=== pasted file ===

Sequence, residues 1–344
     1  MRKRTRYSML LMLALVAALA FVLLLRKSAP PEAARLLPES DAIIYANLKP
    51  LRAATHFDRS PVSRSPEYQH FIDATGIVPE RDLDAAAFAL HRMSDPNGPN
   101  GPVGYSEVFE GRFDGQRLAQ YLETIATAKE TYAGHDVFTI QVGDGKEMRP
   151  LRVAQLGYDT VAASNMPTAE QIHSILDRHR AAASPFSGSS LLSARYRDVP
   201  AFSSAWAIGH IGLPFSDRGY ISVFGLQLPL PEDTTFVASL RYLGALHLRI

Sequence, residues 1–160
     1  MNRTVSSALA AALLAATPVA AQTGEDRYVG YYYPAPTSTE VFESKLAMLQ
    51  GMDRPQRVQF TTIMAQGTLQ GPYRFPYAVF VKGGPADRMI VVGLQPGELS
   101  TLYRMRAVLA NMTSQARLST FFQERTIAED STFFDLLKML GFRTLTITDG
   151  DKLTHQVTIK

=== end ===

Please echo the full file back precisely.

Sequence, residues 1–344
     1  MRKRTRYSML LMLALVAALA FVLLLRKSAP PEAARLLPES DAIIYANLKP
    51  LRAATHFDRS PVSRSPEYQH FIDATGIVPE RDLDAAAFAL HRMSDPNGPN
   101  GPVGYSEVFE GRFDGQRLAQ YLETIATAKE TYAGHDVFTI QVGDGKEMRP
   151  LRVAQLGYDT VAASNMPTAE QIHSILDRHR AAASPFSGSS LLSARYRDVP
   201  AFSSAWAIGH IGLPFSDRGY ISVFGLQLPL PEDTTFVASL RYLGALHLRI

Sequence, residues 1–160
     1  MNRTVSSALA AALLAATPVA AQTGEDRYVG YYYPAPTSTE VFESKLAMLQ
    51  GMDRPQRVQF TTIMAQGTLQ GPYRFPYAVF VKGGPADRMI VVGLQPGELS
   101  TLYRMRAVLA NMTSQARLST FFQERTIAED STFFDLLKML GFRTLTITDG
   151  DKLTHQVTIK